The Newport Democratic City Committee supports passage of Question One on the November 3, Election Ballot, which would permanently remove “Providence Plantations” as part of the official name of the State of Rhode Island. Such action is long overdue.

Even though some people will say that the word “plantations” did not have a sinister meaning when associated with our state in its formative stages, we have to be mindful of what it conveys now. This is a day and age of tremendous racial unrest. And, it is very important to recognize that both White and Black people are expressing profound concern about the injustice visited upon African Americans and other enslaved people who lived and worked on plantations both in the North and South years ago.

It is equally important to recognize that Black people, in disproportionate numbers, have been subjected to harsh and uneven treatment in our criminal justice system for centuries.  We have seen an increase in the number of Black people who have been killed in the last 2 to 3 years, sometimes in interaction with law enforcement personnel.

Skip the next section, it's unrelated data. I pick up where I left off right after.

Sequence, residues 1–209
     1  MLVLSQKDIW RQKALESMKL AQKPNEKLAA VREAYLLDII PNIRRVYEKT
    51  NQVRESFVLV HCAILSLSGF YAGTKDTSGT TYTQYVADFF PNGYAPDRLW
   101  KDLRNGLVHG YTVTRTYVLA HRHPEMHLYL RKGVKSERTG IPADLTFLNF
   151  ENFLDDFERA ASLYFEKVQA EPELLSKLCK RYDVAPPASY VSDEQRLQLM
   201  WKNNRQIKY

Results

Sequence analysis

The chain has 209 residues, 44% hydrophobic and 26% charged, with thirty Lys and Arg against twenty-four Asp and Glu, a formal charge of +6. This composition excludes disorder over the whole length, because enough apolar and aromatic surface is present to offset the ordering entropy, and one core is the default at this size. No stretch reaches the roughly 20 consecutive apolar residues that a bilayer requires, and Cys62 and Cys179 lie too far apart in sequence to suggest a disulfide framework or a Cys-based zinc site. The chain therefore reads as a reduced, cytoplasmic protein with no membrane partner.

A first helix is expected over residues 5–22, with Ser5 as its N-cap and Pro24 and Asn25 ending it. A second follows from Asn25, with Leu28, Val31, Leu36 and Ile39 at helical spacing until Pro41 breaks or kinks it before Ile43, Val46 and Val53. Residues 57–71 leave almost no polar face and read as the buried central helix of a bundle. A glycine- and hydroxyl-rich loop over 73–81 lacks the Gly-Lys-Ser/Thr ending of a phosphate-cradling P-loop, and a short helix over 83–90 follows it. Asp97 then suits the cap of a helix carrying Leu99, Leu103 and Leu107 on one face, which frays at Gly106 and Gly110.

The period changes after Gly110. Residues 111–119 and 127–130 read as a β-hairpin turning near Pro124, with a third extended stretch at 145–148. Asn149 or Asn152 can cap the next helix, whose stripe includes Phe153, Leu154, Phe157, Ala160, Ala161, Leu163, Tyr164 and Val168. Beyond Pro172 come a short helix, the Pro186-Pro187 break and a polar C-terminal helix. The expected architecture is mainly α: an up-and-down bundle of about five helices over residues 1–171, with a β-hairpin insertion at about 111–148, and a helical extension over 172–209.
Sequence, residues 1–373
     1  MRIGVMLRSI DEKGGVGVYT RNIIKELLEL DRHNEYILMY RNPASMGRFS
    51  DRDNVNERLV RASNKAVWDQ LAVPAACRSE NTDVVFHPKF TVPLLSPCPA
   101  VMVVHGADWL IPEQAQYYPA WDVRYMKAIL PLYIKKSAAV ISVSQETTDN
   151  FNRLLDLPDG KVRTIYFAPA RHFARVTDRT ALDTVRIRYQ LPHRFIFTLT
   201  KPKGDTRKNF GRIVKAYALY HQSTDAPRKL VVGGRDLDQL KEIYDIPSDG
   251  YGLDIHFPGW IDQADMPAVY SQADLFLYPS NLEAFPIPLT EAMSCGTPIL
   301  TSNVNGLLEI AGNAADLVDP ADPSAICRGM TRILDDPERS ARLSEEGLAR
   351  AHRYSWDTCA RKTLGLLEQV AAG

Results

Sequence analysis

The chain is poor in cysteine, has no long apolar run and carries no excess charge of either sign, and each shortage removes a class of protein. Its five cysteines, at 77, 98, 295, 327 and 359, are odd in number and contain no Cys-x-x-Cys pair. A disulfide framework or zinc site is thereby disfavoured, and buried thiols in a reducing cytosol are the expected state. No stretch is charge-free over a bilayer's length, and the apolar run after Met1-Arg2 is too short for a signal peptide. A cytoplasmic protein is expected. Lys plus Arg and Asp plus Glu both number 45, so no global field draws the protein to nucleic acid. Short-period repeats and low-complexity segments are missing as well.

As a result, we are experiencing a higher level of tension and mistrust among people of all colors this year. At the same time, there is evidence of a lot of these same people earnestly want to resolve these long-standing problems once and for all. The racial prejudice that has been so ingrained in our society is finally being understood as fundamentally unfair to one another as human beings and as American citizens, but also as undermining the foundations of our democratic system of government. 

We believe that most Black people in RI want “plantations” removed from the state’s name because it serves as a painful reminder when their ancestors were cruelly treated, both physically and mentally. They were beaten, separated from family members, placed in unhealthy living conditions, and deprived of all rights.

There is a need for an ongoing healing process. We must all do our part in support of such a process. We can demonstrate our genuine concern by voting to approve this ballot question. Sure, a lot more must be done, but this is a forward step.

J. Clement Cicilline, Chair

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